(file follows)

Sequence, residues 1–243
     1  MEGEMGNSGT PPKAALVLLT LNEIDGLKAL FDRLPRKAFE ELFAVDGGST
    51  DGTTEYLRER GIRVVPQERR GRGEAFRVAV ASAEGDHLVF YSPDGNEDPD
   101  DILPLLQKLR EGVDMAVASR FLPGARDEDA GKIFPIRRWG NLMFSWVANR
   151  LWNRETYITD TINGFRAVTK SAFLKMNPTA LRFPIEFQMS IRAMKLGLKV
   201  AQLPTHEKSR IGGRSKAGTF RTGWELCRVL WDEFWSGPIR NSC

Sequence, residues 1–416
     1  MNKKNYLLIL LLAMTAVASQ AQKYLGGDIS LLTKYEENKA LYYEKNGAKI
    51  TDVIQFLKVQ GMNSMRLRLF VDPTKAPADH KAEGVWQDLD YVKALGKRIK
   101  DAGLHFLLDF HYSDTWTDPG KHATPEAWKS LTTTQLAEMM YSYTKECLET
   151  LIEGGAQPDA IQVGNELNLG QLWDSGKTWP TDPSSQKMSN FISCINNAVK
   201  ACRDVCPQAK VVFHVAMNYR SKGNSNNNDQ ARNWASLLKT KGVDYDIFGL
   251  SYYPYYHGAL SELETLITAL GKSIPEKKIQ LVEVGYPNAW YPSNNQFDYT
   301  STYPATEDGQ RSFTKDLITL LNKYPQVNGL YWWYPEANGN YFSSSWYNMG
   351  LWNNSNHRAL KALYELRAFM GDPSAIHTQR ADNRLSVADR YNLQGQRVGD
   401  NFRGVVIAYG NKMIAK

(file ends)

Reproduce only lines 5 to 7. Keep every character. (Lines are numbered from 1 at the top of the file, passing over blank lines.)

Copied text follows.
   151  LWNRETYITD TINGFRAVTK SAFLKMNPTA LRFPIEFQMS IRAMKLGLKV
   201  AQLPTHEKSR IGGRSKAGTF RTGWELCRVL WDEFWSGPIR NSC

Sequence, residues 1–416